— Other Liabilities

41 trillion euros concealed in Deutsche Bank’s balance sheet

Lehman Brothers’ bankruptcy in September 2008 had disastorus effects for the global economy.

Now another financial giant is posing a great risk for to the financial markets.

As the DoJ’s plans to issue a 14bn fine to Deutsche Bank for selling toxic assets during the subprime mortgage boom hit the markets, Deutsche Bank’s ability to pay this amount started to be scrutinized.

Deutsche Bank’s shares have tumbled after the announcement which came just a week after EU’s 14 bn demand from US tech giant Apple for gaming EU tax system.

Market cap of Deutsche Bank, which has an asset size of 2 trillion dollars fell below 16bn dollars due to its stumbling share price.

Markets seem to be relieved with the expectation that settlement amount might be around 5.5 bn dollars. However problems with Deutsche Bank is not limited to the settlement fee it might have to pay.

How solvent is Deutsche Bank?

According to the 2016Q2 financial results, Deutsche Bank made a 5.5 bn provision for its potential legal costs which might stem from the alleged case.

Any amount exceeding that will cause an unexpected cash outflow for the bank, meaning further deterioration for the balance sheet and ratios which the bank has to compile as per Basel III regulations.

Despite it’s fragile balance sheet Deutsche Bank is very unlikely to default due to its systemic role. Yet, Deutsche Bank investors and financial sector might take another strong hit with any further deterioration on its balance sheet.

However, the main issue underlying Deutsche Bank’s problems is its undercapitalised balance sheet rather than the amount of settlement it’ll have to face.

Deutsche Bank’s latest financial results are in line with Basel III regulations. For example; leverage ratio, which is calculated as ‘common equity/assets’ must not fall below 3 percent according to Basel III. Where Deutsche Bank has a leverage ratio of 3.4.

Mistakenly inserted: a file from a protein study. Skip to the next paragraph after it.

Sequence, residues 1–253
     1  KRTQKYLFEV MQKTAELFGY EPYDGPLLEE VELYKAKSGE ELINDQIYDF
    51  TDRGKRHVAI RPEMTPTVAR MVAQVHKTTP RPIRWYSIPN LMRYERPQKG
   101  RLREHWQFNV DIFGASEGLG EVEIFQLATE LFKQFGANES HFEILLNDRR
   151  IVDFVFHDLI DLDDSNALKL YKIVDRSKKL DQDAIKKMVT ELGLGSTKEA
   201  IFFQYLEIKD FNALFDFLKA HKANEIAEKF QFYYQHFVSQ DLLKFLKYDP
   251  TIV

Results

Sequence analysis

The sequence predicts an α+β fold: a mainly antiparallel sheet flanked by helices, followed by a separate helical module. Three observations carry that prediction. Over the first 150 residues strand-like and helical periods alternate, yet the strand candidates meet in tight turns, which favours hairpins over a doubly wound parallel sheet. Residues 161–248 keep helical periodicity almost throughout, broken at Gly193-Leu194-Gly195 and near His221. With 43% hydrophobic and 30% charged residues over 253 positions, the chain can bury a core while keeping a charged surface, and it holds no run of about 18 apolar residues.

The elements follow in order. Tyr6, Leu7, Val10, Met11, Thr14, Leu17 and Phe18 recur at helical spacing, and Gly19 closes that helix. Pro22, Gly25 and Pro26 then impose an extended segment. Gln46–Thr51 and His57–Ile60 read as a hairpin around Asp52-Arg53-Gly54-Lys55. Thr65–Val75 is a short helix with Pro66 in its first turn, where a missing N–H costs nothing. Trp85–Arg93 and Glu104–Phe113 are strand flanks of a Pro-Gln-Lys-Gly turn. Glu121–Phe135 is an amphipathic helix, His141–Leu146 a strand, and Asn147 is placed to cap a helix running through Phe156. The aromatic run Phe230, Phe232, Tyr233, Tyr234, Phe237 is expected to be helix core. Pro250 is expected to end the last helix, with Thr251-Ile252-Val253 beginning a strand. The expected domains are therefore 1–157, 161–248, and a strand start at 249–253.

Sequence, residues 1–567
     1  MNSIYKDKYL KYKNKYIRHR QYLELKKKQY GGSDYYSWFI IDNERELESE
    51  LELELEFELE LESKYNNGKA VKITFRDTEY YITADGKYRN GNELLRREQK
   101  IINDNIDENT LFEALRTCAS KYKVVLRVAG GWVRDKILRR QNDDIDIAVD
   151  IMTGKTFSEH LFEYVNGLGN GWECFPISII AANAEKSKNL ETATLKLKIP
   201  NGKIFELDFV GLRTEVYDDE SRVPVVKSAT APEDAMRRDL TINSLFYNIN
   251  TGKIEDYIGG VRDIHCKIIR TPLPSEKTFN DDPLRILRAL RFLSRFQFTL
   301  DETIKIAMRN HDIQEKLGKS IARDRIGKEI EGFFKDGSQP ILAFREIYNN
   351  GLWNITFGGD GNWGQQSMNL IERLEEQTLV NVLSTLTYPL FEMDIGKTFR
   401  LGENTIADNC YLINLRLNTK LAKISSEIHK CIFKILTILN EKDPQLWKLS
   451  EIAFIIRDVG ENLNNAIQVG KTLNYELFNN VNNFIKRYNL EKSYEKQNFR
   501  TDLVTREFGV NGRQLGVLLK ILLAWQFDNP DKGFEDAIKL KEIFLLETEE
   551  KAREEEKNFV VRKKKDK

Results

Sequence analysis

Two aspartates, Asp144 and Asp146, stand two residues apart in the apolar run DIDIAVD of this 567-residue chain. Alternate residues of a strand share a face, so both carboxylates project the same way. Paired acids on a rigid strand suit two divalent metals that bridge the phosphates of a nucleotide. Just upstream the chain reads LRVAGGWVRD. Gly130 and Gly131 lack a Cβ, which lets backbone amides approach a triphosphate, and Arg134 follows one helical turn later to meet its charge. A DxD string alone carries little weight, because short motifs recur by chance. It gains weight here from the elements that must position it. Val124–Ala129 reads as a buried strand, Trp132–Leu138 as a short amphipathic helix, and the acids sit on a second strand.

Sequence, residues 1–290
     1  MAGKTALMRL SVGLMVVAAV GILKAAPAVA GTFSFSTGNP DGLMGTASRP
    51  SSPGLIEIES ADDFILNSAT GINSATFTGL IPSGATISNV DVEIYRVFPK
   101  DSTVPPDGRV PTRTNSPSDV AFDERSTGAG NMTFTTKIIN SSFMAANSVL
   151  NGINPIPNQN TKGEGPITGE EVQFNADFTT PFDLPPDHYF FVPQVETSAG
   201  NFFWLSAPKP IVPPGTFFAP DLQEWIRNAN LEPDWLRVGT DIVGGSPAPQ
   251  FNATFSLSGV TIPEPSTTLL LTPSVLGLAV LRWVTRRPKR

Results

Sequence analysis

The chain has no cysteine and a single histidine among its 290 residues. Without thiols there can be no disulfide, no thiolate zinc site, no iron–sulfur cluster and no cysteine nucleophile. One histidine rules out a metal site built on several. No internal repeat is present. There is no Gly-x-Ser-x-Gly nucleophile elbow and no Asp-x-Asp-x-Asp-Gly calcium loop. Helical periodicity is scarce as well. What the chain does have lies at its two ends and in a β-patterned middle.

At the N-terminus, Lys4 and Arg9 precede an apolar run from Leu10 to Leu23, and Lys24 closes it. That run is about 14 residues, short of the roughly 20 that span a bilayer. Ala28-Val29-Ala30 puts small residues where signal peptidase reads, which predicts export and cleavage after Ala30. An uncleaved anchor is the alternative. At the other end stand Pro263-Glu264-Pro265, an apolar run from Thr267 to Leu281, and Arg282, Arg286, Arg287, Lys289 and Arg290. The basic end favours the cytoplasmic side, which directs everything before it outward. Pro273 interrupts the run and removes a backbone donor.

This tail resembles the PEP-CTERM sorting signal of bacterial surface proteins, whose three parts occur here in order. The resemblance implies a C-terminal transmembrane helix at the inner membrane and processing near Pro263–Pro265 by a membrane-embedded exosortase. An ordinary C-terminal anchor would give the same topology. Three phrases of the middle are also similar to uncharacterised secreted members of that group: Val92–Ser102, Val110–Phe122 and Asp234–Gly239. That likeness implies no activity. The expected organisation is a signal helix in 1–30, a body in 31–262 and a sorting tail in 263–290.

Concerning the ‘CET1’ (Common Equity Tier1 ratio), which is calculated as ‘(paid in capital+retained earnings)/risk weighted assets’; Deutsche Bank has a ratio of 10.8 percent which is higher than the minimum CET1 ratio of 4.5 percent, and 7 percent which is the CET1 ratio a bank must satisfy to be able to pay dividends.

But complexity of Deutsche Bank’s balance sheet obscures the matters, since the great amount of derivatives in its balance sheet puts authenticity of these ratios in question.

How to value derivatives?

Balance sheet of public companies aims inform investors and public about the financial situation of the company.

Audit companies perform their due diligence in line with international accounting principles; namely International Financial Reporting System (IFRS).

Assets such as cash held in bank accounts, cash receivables/payables are relatively to easy to value since they can be tracked with counter-parties. Therefore, under normal circumstances these type of assets do not perform strong fluctuations.

Assets like derivatives however, are highly complex and valued with much more opaque methods, also much more prone to fluctuations.

Derivatives are valued in three different classes according to IFRS 13, which regulates handling of such assets.

Assets classified as ‘Level 1’ are actively traded in markets and therefore their value is quiet transparent. (Assets such as equity, sovereign bonds etc.)

Level 2’ assets are not traded on indexes, however there are similar assets traded in indexes and their value is deducted from these similar type of assets.